Many people lazily define politics according to left and right, whether that’s to do with economics or authoritarianism. But over recent years, another axis has emerged – populism versus establishment. Right-populist parties have sprung up (eg in Sweden and the Netherlands), as have left-populist ones (eg in Portugal and Greece) and even centre-populist ones (Spain has both left and centre populist parties).
When I first joined Ukip, I was attracted to the anti-establishment nature of the party. I don’t fit well with Conservative, Labour or Liberal Democrat bland establishment mediocrity – as I was reminded at a polling station with only those options on the ballot paper on Thursday. The Ukip of old loved to breathe new life into policy – whether it was no tax on minimum wage (raising the tax threshold to help the poorest earners, later part-copied by the Conservatives), direct democracy (letting people call binding referendums on certain key issues) or replacing the hugely bureaucratic VAT with a much simpler tax on retail sales.
The 2017 manifesto was certainly well costed, but it lacked something: it didn’t really say very much of any consequence. It was a bland, insipid document with large chunks of policy simply missing from last time. Not that the manifesto was Paul Nuttall’s fault, of course: he went into the ITV debate with nobody having even done him the courtesy of showing him the entire draft. Nuttall found himself regurgitating visions of cutting class sizes in primary schools, blissfully unaware that the policy had – like so much else – been quietly binned.
In the absence of a grand vision on key issues of the day, Ukip’s focus drifted. The burqa ban was an odd choice for a first big speech of a campaign (and personally I disagree with such a blanket ban), but nevertheless Nuttall’s closest advisers pushed him into it. Likewise, while I fully agree that female genital mutilation (FGM) is a massive child protection issue that should never be swept under the carpet (and only Ukip was speaking out on the issue), the proposed school-based genital examinations were not only divisive and wrong, but also counterproductive in that the policy detracted from a very serious message.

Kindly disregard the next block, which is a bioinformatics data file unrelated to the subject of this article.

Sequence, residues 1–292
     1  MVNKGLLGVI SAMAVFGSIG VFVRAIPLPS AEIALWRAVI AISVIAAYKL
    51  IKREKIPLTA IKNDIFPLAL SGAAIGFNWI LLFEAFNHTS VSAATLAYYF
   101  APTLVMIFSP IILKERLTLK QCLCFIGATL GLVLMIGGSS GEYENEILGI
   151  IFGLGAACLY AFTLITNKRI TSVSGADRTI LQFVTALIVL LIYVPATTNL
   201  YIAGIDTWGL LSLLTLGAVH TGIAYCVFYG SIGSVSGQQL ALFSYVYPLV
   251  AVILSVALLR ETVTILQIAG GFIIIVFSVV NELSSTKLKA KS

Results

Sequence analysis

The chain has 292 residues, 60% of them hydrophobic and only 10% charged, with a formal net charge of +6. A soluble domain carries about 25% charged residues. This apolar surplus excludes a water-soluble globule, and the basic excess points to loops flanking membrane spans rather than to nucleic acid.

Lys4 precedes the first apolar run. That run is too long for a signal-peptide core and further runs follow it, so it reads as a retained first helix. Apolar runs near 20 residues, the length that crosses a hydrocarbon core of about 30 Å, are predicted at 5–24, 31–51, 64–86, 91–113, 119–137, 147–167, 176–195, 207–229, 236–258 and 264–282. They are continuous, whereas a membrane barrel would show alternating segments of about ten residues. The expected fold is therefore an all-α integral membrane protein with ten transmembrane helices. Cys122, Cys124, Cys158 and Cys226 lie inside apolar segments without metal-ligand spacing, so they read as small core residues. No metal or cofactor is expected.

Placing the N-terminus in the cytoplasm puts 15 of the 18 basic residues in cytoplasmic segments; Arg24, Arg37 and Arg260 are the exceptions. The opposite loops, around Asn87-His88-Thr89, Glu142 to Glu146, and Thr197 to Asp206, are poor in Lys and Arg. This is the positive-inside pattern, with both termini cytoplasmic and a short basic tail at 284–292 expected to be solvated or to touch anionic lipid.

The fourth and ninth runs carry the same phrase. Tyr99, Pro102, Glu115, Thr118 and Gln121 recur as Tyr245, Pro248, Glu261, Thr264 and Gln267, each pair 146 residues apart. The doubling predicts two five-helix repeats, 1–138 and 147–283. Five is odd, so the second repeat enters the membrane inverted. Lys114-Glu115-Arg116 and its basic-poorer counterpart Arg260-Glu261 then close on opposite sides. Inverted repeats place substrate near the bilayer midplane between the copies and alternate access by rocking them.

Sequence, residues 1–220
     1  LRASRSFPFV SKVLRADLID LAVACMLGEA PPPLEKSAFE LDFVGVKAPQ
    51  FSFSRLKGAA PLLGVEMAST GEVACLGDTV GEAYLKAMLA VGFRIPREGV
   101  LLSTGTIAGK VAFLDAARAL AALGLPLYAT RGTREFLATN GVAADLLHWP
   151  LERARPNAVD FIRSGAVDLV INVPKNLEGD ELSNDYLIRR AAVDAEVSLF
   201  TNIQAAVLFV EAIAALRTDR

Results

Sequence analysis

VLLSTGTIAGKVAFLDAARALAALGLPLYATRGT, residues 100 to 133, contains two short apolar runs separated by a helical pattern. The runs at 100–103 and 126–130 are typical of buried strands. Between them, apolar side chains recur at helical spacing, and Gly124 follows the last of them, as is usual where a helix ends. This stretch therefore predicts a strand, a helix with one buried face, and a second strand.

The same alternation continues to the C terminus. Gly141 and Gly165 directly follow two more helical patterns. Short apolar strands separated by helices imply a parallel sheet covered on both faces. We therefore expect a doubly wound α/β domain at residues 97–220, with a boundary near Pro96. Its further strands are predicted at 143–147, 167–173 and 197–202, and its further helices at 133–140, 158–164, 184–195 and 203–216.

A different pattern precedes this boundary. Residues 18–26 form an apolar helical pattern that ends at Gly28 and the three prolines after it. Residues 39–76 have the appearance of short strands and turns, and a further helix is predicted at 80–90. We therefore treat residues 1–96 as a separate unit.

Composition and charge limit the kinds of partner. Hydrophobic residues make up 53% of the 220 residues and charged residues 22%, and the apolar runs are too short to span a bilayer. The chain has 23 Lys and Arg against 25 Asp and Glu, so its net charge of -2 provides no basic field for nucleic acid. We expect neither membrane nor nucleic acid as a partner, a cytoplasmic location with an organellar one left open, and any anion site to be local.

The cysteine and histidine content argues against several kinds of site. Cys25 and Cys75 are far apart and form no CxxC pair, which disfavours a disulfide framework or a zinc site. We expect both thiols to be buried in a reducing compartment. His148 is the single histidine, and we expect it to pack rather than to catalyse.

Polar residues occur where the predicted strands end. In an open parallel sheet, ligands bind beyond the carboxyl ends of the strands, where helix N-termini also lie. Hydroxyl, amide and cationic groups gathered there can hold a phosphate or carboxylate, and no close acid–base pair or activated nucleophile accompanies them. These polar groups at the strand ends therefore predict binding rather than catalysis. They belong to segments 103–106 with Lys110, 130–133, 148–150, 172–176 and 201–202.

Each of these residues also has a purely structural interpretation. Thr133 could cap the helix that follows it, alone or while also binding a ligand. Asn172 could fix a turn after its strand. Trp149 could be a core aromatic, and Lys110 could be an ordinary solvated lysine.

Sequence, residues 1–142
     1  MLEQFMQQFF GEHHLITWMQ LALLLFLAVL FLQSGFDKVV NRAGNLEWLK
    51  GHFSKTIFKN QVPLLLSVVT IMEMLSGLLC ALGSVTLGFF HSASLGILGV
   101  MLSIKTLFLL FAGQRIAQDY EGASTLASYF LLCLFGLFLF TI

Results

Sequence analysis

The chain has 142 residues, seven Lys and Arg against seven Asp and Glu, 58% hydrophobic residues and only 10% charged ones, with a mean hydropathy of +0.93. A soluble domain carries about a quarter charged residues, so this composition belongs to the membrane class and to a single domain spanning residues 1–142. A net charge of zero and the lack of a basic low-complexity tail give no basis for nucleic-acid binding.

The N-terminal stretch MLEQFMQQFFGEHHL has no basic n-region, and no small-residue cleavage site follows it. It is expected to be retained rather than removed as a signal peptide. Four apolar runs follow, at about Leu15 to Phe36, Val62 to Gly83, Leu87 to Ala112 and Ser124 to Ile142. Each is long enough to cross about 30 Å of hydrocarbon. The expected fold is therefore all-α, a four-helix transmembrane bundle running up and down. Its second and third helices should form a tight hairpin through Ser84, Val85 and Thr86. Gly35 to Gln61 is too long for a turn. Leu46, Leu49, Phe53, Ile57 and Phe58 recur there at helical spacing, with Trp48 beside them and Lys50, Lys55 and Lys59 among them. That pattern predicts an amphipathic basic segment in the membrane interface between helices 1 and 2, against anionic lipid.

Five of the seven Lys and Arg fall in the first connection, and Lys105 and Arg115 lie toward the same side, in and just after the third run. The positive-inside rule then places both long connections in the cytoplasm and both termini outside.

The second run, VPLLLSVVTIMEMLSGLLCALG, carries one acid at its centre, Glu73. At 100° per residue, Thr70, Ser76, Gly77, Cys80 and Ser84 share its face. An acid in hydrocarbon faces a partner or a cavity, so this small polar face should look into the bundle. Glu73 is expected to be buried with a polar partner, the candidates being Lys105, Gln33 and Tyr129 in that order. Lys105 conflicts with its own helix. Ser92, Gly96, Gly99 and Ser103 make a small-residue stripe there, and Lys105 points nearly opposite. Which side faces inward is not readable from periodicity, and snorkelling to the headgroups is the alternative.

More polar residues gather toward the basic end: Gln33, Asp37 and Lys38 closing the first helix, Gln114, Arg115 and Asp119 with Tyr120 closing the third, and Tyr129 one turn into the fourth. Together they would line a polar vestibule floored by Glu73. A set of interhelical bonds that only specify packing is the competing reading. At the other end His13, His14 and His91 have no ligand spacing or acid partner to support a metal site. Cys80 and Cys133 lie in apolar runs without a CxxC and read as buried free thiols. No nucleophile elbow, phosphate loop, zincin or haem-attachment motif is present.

I’ve watched in disappointment, bordering on despair, as I’ve seen candidates and councillors fail to recognise the difference between Muslims as a whole, and the tiny minority of radical Islamist extremists. Ukip is either a reasoned, radical alternative to the political establishment or it is nothing. The vast majority of the manifesto was reasoned but not radical; the so-called “integration agenda” was radical but not reasoned and an odd choice for a campaign priority in an election which should have been about so much more.
Political parties do very badly when they make it difficult for people to go out and vote for them. That’s exactly what Ukip did on Thursday. I’ve watched friends and family, Ukip voters, members and even past candidates, fall away from the party one after another. If it is ever to resurrect itself as a serious political force, it’s going to need a good long think about what fundamentally drives people to be Ukip.
I’ve tried for month after month in private to get people to listen and to change direction – but I’ve failed. I have spoken out publicly in the past (I vocally opposed the Breaking Point poster for example) and I must do so again. I want Ukip to be a radical party once more, a party I can be proud to represent again. A party with vision transcending the tired old left and right labels. That’s worth fighting for. That requires speaking out, and I can only speak out by first tendering my resignation as general secretary.